Christian Gaines has been selected to serve as executive director of WESTAF. He will begin work at the regional arts organization in mid-January 2019. Gaines currently is concluding his second term on the Michigan Council for Arts and Cultural Affairs. He most recently served for five years as executive director of ArtPrize, a nonprofit international art competition in Grand Rapids open to every artist working in every medium from everywhere in the world. During his tenure at ArtPrize, Gaines worked with staff and community partners to develop and implement programs that addressed and improved the ArtPrize experience for artists, venues and visitors of color. He also worked to ensure that ArtPrize involved and embraced disability culture through exhibits, events, programs and support services. For five years, Gaines worked at, an Amazon company, where he served in the Withoutabox film festival submissions division as a specialist in festival strategy and business development. He also served for eight years as director of festivals for the American Film Institute in Los Angeles, and for four years as festival director and director of programming at the Hawaiʻi International Film Festival in Honolulu. Gaines succeeds Anthony Radich, who piloted WESTAF for 23 years.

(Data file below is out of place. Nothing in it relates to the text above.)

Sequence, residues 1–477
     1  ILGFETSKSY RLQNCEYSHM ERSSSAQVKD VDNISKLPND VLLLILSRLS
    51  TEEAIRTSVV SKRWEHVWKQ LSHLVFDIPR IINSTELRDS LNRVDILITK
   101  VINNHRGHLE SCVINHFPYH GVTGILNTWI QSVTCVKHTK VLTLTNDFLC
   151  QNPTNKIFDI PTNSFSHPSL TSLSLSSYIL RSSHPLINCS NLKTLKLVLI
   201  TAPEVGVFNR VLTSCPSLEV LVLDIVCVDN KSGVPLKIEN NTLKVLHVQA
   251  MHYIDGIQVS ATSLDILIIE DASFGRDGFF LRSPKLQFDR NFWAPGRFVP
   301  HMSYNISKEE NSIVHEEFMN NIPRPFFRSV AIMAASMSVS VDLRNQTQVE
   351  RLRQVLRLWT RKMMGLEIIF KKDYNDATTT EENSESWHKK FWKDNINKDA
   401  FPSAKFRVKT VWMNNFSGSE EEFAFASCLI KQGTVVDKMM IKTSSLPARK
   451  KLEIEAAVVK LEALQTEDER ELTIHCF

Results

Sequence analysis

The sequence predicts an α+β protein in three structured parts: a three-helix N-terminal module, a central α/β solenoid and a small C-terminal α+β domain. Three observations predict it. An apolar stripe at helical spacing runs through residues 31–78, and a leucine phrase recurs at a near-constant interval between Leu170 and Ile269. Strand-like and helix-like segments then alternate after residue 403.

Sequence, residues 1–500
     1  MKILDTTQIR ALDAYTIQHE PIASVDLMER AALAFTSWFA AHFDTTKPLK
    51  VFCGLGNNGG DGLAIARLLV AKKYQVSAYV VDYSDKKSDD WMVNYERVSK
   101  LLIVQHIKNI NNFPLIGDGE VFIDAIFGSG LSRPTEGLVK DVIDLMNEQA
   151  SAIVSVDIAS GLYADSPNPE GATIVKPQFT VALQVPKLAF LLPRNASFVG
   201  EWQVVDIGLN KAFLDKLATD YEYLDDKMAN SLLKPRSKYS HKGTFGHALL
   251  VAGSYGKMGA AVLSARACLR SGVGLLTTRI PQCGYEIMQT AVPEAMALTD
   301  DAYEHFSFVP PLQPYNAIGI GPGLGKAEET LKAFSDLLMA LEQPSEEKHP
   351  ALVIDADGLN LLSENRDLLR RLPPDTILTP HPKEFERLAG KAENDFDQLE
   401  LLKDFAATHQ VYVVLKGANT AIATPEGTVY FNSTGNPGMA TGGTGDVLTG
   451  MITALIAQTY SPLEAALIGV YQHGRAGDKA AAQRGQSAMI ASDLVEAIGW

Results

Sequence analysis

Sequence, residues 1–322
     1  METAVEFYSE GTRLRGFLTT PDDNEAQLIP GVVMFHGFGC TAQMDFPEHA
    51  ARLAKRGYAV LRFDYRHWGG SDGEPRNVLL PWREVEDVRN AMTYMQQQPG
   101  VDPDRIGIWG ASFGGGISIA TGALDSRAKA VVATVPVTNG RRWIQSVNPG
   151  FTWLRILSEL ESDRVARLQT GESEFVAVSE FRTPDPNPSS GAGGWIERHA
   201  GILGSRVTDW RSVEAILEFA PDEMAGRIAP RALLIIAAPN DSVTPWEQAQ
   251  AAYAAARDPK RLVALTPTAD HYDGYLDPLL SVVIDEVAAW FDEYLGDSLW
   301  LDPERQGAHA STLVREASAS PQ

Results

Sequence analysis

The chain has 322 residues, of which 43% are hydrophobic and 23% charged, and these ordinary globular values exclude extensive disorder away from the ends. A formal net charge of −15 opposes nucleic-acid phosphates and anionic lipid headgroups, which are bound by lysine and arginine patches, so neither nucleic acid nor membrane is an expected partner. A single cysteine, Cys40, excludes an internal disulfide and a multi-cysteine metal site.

In this Issue

From the President and CEO

State to State

Legislative Update

Announcements and Resources

More Notes from NASAA

Research on Demand